Pros: Cool Euro styling, outstanding fuel mileage, well-built German car
Cons: no major complaints - I love this car!
Why a TDI?
My wife and I were looking at used Jettas two years ago. We went to the dealership, and they showed us a 98' Jetta TDI. I didn't think of getting a diesel at the time, but also was unaware of the great improvements to diesel engines that VW has done since my dad owned a 1981 VW diesel pickup. Test driving that thing changed my mind! We ended up passing on the car, but later wished we had bought it, since we later learned that used TDIs with good mileage would be very hard to find. The TDI engine of today has the driveability of a regular gasoline car. It smokes very little, but only when you mash on the gas pedal, and is actually quiet inside. VW has insulated the cars very well, and even with the windows rolled down, it's not that bad. So with about the same performance as a gasoline engine, not really that noisy, hardly smokes at all, plus the great mileage, why not? Shortly after that dealership experience, we ended up buying a new Jetta TDI, and a few months later, my Golf TDI, new as well. I swear by them so much, I bought two of them!
The TDI is a turbo diesel, with sticker mileage of 42/49 city highway. Performance is shockingly good. I have the 5 speed manual transmission, which I recommend over the automatic. The automatic gets slightly lower fuel mileage, and acceleration is slightly less. The engine has almost the same torque (155ft-lbs) as the 1.8T engine, which reveals itself especially when climbing hills. Put the pedal down and it just keeps accelerating. I loaded my Golf up when I moved from TX to AZ, and with 700 pounds of stuff on board, air conditioning blasting, and cruise control set at 80mph, it still got 45 MPG. Around town, I average 43; for highway cruising with a normal load, it tops out around 49 MPG. The engine is very smooth. Turbo lag is unnoticeable, and the only thing about the TDI that's weird to get use to is how low an RPM it takes to get up and going. Normal driving, plus acceleration, can all be done under 3200 RPM.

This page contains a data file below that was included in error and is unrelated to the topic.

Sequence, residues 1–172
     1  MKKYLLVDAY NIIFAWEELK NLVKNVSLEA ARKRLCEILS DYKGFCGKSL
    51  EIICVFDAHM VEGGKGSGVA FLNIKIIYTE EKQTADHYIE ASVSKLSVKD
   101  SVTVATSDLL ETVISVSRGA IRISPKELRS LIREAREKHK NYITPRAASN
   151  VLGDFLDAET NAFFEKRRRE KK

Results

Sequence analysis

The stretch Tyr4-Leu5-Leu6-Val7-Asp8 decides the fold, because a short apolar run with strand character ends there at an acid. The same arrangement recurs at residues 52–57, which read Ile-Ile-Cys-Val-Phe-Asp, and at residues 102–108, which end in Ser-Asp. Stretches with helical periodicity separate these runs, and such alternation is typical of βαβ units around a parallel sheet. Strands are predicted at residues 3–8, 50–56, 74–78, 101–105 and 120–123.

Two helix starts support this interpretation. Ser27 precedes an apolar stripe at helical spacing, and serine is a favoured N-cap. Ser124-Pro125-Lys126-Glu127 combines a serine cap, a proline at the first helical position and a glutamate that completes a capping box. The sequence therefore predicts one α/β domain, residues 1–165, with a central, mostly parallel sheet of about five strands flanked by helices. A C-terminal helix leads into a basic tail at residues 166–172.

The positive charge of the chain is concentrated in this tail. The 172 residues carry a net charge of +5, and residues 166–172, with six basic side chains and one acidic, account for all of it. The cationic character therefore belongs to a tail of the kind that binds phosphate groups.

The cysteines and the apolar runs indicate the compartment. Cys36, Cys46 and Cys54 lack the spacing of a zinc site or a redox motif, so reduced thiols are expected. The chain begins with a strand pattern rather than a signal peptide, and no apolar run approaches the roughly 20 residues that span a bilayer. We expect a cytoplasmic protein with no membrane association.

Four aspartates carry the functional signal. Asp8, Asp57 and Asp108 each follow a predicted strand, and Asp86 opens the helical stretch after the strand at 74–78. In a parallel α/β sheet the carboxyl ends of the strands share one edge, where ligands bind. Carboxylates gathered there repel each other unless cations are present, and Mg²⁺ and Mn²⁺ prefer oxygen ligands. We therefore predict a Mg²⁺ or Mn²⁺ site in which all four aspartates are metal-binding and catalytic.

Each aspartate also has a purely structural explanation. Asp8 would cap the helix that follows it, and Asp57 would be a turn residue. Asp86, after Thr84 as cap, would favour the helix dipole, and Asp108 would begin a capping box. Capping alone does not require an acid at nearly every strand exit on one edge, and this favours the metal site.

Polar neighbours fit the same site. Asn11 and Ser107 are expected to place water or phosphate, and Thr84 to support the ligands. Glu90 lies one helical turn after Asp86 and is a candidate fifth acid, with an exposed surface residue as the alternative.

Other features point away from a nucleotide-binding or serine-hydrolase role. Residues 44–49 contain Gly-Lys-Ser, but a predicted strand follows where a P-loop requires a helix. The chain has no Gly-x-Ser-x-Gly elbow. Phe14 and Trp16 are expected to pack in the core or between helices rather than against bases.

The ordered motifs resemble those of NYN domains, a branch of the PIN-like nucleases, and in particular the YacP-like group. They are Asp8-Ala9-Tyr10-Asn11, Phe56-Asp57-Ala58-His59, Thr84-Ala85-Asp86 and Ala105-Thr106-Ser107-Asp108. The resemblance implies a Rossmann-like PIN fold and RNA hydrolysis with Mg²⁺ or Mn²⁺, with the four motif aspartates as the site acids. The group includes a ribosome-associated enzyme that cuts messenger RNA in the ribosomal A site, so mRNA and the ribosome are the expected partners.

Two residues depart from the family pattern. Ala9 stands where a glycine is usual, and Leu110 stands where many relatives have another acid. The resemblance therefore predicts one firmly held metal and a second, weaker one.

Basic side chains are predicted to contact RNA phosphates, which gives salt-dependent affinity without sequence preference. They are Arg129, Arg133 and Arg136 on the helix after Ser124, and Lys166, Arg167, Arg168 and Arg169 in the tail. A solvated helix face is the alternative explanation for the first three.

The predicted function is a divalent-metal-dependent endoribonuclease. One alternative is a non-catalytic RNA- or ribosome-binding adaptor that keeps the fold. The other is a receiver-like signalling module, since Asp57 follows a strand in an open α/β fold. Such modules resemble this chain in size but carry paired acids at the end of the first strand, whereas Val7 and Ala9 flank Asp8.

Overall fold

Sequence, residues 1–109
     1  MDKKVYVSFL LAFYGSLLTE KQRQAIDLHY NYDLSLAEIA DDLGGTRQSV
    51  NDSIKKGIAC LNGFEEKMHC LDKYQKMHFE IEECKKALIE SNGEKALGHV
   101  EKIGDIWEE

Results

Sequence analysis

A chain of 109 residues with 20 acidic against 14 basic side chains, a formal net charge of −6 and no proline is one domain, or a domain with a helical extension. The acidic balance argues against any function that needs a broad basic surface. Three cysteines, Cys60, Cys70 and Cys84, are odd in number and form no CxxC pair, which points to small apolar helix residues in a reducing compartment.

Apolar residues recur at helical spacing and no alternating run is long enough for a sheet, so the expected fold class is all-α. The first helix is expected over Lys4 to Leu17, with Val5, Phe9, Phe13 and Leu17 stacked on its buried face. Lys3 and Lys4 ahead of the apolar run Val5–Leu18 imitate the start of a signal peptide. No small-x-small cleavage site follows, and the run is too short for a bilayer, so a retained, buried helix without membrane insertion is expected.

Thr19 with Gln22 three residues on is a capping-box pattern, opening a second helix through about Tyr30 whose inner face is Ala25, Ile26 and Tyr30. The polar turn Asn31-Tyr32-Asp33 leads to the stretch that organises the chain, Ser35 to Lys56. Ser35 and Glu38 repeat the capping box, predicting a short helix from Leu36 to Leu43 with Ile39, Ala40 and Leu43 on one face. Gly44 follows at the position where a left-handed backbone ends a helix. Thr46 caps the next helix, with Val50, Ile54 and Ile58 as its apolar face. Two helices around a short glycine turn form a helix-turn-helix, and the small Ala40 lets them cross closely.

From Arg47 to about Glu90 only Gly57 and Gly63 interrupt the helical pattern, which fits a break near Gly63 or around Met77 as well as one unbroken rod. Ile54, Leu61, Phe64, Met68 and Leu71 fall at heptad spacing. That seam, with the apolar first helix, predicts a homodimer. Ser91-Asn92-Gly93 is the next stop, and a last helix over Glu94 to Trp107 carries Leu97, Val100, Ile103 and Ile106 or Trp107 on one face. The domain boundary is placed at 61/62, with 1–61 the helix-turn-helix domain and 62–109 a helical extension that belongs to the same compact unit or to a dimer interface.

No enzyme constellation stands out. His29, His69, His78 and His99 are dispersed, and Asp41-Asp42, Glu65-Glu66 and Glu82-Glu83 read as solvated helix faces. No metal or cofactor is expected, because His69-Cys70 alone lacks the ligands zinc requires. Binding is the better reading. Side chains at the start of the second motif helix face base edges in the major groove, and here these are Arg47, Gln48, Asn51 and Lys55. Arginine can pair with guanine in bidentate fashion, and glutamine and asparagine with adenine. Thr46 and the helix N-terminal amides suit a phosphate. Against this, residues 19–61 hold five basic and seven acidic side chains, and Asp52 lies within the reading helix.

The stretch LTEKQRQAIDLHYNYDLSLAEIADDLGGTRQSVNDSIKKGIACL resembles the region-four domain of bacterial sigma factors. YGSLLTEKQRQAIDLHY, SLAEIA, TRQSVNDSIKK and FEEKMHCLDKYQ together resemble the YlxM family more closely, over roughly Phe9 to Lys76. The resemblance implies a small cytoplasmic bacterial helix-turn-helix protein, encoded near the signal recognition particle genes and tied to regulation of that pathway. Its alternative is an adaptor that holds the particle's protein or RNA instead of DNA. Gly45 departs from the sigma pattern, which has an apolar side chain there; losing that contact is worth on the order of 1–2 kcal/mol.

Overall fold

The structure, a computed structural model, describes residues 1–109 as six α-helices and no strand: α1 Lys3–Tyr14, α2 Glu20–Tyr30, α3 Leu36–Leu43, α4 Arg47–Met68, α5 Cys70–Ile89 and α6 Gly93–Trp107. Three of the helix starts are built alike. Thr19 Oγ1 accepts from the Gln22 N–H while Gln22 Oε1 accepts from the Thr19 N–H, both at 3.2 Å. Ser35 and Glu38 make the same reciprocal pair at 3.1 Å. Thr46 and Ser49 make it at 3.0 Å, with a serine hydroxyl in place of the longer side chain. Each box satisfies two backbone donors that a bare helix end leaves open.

I bought my Golf new at Herb Easley VW in Wichita Falls, TX. After much study and research, I had decided on two specific options: 1) Luxury package, which is power sunroof and alloy wheels, and 2) the Monsoon sound package, which adds a 180 watt amp to the stereo. With a little research on the Internet, I found the car, options I wanted, color inside and out, but in Tulsa, OK. VW has a program that gets you the car you want usually with 24-48 hours, with the options you want. I actually drove off the Texas dealership lot 48hrs later with the car I found in Tulsa! They had it trucked down to me, and I got it brand new with 26 miles on it. Because of this and the high demand for the TDI model, I could haggle very little on the deal. I paid $19,100 for it, which was about 300 below sticker. My dealership experience was actually very good. Their VW financing actually beat my personal bank by a lot. Their service department was great, and they paid for all the tune-ups through 20,000 miles as part of VW service.
How is it to Drive?